It takes some time before you are able to do this without gagging, and thus it is the favorite job to give to newbies. :devil: :grin2: )
 

powernoodle

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I lived in a small room (maybe 10x12) in the back of a funeral home for 3 years while in school. Had to answer the phones every other weekend in case the hospital called to say that we had a new dead guy heading our way. Had to call a transport service and let them into the garage, where the zombie was downloaded. Its incredibly creepy at night, living right down the hall from the visitation rooms with open caskets, next to the casket room and directly above the embalming room. With 300 zombies coming thru there every year, I saw just about everything. I was sorta fun after I got used to it.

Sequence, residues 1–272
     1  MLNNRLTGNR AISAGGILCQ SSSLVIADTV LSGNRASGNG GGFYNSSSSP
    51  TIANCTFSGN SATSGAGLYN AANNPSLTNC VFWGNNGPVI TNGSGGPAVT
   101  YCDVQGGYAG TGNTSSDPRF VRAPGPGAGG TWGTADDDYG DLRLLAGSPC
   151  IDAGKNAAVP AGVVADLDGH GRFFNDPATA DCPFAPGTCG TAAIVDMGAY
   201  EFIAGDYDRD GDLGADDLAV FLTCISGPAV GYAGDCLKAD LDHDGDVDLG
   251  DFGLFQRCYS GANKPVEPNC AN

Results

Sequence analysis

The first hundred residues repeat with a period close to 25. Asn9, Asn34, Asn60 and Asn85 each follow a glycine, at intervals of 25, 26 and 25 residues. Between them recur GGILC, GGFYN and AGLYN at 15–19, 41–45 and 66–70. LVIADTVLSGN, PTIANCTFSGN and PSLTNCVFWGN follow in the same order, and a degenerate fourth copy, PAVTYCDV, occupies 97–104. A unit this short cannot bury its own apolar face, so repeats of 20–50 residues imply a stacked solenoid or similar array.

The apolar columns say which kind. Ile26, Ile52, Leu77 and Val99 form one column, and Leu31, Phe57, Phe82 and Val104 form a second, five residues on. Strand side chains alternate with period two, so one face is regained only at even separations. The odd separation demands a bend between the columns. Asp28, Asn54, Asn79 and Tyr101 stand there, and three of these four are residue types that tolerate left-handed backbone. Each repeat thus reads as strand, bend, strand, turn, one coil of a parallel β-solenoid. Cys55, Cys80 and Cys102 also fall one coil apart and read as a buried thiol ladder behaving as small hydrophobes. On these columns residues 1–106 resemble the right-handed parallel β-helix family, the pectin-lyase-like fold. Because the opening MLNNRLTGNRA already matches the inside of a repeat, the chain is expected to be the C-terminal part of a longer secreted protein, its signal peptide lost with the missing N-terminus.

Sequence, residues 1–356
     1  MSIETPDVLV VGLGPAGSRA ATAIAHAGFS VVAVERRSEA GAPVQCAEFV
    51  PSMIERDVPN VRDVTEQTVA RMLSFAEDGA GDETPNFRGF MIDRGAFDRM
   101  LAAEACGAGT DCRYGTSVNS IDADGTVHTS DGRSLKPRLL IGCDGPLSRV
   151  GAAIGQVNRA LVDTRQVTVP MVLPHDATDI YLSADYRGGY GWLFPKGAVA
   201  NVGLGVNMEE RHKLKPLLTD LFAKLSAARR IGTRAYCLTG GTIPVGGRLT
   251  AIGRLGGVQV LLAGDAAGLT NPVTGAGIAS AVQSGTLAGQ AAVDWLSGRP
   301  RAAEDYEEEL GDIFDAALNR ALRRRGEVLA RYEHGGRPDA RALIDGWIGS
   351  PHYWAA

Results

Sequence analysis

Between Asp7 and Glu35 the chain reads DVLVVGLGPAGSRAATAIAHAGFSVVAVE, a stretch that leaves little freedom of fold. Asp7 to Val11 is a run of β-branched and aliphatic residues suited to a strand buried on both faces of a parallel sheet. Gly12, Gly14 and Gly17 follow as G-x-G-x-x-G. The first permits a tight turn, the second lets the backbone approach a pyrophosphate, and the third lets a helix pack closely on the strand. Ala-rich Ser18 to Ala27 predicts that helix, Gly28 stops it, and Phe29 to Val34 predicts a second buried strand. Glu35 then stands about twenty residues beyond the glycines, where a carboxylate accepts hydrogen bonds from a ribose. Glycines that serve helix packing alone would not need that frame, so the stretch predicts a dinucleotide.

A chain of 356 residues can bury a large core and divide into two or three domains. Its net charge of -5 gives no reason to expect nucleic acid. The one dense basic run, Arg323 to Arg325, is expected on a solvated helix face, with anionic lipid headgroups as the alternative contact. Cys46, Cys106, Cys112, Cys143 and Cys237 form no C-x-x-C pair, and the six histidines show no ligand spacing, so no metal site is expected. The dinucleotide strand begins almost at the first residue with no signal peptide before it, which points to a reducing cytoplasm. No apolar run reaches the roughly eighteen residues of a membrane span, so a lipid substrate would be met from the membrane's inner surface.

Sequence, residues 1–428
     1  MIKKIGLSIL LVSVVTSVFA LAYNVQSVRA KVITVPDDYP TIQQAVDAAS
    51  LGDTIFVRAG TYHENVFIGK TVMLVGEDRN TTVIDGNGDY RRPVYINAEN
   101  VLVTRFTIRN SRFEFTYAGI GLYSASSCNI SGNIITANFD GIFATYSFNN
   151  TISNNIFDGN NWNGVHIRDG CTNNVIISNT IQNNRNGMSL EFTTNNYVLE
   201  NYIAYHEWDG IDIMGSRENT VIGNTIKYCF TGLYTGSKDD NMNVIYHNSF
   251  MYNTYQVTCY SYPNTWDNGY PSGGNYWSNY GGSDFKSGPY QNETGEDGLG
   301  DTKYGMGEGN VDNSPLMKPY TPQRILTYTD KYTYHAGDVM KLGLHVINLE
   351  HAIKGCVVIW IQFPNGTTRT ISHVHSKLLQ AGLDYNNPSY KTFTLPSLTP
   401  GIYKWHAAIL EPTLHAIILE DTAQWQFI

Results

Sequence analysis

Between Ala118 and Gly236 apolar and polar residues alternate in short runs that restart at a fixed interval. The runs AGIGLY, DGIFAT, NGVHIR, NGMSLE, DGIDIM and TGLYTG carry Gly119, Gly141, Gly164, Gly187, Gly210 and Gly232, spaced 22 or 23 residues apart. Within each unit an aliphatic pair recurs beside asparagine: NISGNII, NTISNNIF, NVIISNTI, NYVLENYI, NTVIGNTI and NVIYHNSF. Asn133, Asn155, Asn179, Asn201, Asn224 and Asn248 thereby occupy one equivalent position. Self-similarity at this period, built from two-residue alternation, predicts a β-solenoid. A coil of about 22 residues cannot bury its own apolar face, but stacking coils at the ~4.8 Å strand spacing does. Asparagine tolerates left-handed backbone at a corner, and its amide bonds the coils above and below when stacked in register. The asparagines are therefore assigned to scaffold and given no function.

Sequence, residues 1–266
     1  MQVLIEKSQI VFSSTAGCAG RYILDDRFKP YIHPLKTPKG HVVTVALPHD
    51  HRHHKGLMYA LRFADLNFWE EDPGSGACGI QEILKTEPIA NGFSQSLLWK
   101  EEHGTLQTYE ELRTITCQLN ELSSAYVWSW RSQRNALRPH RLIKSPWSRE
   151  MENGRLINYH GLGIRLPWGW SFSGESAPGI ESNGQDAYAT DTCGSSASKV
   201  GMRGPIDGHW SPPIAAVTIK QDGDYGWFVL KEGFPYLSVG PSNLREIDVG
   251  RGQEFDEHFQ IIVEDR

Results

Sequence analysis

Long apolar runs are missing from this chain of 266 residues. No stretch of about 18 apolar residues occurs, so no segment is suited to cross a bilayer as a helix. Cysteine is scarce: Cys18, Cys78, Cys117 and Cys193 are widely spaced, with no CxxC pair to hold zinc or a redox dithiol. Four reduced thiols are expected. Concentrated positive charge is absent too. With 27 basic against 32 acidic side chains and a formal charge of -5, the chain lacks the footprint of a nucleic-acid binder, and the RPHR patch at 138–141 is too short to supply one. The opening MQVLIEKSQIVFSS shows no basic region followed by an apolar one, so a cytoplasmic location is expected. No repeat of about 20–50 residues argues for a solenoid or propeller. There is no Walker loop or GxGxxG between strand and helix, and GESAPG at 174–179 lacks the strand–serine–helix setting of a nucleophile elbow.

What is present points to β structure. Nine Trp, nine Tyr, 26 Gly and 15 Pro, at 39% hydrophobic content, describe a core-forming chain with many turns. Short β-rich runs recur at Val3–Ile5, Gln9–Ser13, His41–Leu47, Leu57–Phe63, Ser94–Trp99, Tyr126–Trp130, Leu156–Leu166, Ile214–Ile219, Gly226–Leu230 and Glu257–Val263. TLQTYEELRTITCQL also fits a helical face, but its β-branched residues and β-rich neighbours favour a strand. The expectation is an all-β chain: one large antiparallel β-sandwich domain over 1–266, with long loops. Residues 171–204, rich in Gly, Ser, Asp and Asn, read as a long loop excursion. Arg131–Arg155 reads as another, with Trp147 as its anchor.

cheers
 

winny

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The worst job I've ever had was planting trees. I've been planting garden trees and doing janitor jobs for the last two summers, but before that it was planting ordinary pinus contorta (pine) which is by far worse.

The basic idea is that it's cheaper to harvest all trees in an area and plant new ones, about 10 cm high, manually, using naive high school kids. It's very labour intensive and schools on the countryside here in Sweden are drained on people just before schools stops for the summer.